Background: The Repo Man—one of Barry Darsow‘s many faces once the Demolition well ran dry—is, in my humble opinion, one of the great bad gimmicks of all time. (For the record, Darsow’s stint as angry golfer “Hole in One” Barry Darsow on WCW Saturday Night is another.) During this time, with Vince McMahon fresh from federal trial and casting aside the notion that wrestling was a legitimate sport to throw off the yoke of state athletic commissions, it wouldn’t be farfetched to accuse the chairman of having a persecution complex, and the things McMahon hates, loves, or finds funny often manifest themselves in his product. So in the early 1990s, he had two men running around stealing things from his good-hearted fans: I.R.S., who’d take your money, and The Repo Man, who’d take your ride. This wonderful clip should explain Repo Man’s motivations quite nicely:
Where most bad WWF gimmicks of this period (Bastion Booger, Mantaur, Phantasmo, and so on) came and went before developing a catchphrase or receiving a theme song, Repo Man came to the WWF fully formed with a truly great Jim Johnston theme song and the kiss-off line of “What’s mine is mine, and what’s yours is mine!” Also unlike the majority of goofball jobbers the WWF would come to feature, Repo Man actually had a televised feud with “Macho Man” Randy Savage, notable for its sheer weirdness. Savage had been around the WWF block a few times by 1993, and everything he could possibly feud with another wrestler over, he’d already done. Miss Elizabeth, Queen Sherri, crowns, and championship belts were meaningless to Repo Man, who had his heart set on hooking his towing claw into the one thing he really couldn’t be without: his hat.
The best thing about this mini-feud, beyond how passionate Macho Man is about his hat, is Repo Man’s insinuation that the sequined monstrosity required multiple payments that Savage was somehow delinquent on. Boiled down, the two-week program is a familiar one, where the unappreciated mid-card guy gets a shot at somebody way above his pay-grade because he destroyed their property. Think Kofi Kingston wrecking Randy Orton’s NASCAR, or Paul Heyman stealing The Undertaker’s urn and forcing the Deadman to wrestle The Dudley Boys and bury Paul Bearer in a concrete tomb. The difference, of course, is that Repo Man is a cackling, C-level Batman villain riding shotgun in a tow truck, and Randy Savage is God. Nothing about this can end well.
The Match: Savage is so angry that Repo Man enters the ring wearing his hat that he bombards the poor bastard without so much as being introduced, which is too bad considering how infrequently “Pomp and Circumstance” played on Raw. He is all over Repo Man from the opening bell, beating him up so badly that Repo Man tries high-tailing it out of the Manhattan Center, which, of course, Randy Savage does not allow.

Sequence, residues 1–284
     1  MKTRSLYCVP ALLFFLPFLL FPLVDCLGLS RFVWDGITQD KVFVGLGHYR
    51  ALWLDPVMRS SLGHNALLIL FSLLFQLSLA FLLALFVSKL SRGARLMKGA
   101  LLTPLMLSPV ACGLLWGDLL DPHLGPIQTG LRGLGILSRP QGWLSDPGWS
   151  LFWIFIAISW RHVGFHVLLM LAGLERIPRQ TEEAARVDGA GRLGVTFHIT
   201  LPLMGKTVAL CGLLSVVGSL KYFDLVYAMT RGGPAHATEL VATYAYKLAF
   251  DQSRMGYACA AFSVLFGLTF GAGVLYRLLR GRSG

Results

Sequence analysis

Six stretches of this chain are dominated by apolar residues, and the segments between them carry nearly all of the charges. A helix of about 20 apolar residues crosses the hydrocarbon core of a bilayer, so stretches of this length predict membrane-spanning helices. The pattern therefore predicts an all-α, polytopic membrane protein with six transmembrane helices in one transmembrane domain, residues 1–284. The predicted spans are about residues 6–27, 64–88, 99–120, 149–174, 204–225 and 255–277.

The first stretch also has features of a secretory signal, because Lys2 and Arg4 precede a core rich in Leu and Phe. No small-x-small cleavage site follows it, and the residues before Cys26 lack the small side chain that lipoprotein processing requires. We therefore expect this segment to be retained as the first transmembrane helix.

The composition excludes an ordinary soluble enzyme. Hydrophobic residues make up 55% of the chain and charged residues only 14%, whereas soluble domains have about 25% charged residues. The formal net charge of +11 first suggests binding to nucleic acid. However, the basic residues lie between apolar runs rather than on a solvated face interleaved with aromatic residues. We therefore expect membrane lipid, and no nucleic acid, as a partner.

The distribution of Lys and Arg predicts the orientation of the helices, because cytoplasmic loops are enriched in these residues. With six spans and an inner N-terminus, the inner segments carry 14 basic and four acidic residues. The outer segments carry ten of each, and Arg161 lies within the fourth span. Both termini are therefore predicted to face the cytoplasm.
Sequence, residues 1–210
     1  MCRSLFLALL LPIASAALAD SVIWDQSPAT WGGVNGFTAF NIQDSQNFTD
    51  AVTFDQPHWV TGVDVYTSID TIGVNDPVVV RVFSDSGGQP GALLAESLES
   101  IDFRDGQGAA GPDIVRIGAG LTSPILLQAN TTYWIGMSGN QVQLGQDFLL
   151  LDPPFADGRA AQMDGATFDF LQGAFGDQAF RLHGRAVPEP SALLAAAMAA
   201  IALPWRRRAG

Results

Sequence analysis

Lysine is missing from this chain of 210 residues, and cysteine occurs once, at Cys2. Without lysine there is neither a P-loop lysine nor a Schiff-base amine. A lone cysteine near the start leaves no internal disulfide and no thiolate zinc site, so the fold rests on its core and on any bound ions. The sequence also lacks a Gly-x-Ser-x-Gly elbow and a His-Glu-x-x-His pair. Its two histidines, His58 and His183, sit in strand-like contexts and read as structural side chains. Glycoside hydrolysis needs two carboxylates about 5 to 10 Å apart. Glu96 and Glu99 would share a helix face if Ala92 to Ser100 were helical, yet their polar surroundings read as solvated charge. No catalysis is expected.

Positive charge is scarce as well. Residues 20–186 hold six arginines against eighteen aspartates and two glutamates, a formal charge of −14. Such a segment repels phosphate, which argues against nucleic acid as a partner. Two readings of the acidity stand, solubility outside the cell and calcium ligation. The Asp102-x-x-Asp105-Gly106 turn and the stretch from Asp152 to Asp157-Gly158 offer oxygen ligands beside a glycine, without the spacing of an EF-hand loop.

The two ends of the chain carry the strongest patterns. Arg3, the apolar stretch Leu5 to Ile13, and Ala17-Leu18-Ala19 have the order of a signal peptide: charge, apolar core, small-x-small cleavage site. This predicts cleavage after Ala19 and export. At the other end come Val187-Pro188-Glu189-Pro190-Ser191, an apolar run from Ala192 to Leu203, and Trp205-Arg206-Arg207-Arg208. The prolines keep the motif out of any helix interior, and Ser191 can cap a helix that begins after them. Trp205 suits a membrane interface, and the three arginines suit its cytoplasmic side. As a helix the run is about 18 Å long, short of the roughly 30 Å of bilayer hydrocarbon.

In Rob Bartlett news, pay attention to the commentary when Repo Man takes over. The guy was a hack comedian and a worse broadcaster, which becomes increasingly obvious as he makes fun of Savage’s bald spot, something a face commentator would never do. McMahon covers for him as best as he can until, finally, Bobby Heenan asks Vince where he found the schmuck. Sure, it goes along with Heenan’s character to be exasperated with Bartlett, but his exasperation seems genuine and is something a heel commentator generally gets away with. Vince McMahon is somewhat infamous for the way he dresses down his commentary team during broadcasts—an entire chapter of Mick Foley’s Countdown to Lockdown is dedicated to the subject—and Heenan and Jim Ross have told stories about how Gorilla Monsoon, who produced segments backstage, could pick out bad announcers and tell the regular crew “not to remember his name” almost immediately. Bartlett only lasted 13 weeks—long enough for him to roll out various match- or show-length impersonations of Mike Tyson, Elvis, and Vince McMahon—but his last few weeks with the company were spent mostly being the butt of jokes. Years later, the WWE would make the mistake of hiring another guy ill-suited to professional wrestling to fill the shoes of Joey Styles and Jim Ross before cutting him loose, but at least Mike Adamle was funny.
Repo Man maintains his advantage for awhile, but it isn’t long before Savage gets the better of him, nails the flying elbow drop, and puts Repo Man away, reclaiming his hat and his manhood. Like the match between Shawn Michaels and Max Moon, this is another example of what Raw did very well in its early days: the showcase bout. Repo Man manages to look like a legitimate threat for awhile, much like Max Moon made a brief bid to take Michaels’s Intercontinental Championship, but he’s eventually put in his place and forgotten about so Savage can go on to train his buddy Crush for a WrestleMania clash against Doink the Clown.
Guys like Barry Darsow aren’t fixtures on television anymore, and that’s too bad. Not that Darsow was the most brilliant wrestler, but as he shows here and in his 1994 feud against Dustin Rhodes in WCW, he makes for an able foil, and manages to look good even in a losing effort. The advent of the Monday Night War did away with Darsow’s role on flagship programming, as the need for marquee matches led to matches like Arn Anderson vs. Hulk Hogan or Randy Savage vs. Ric Flair being given away for free instead of being used to sell pay per views. WWE didn’t start giving away marquee matches until the end of the brief Invasion era that followed their buyout of WCW, but when 225,000 people purchase a pay per view and four million watch Raw, it’s perhaps understandable why Alberto Del Rio wrestles The Big Show on a weekly basis.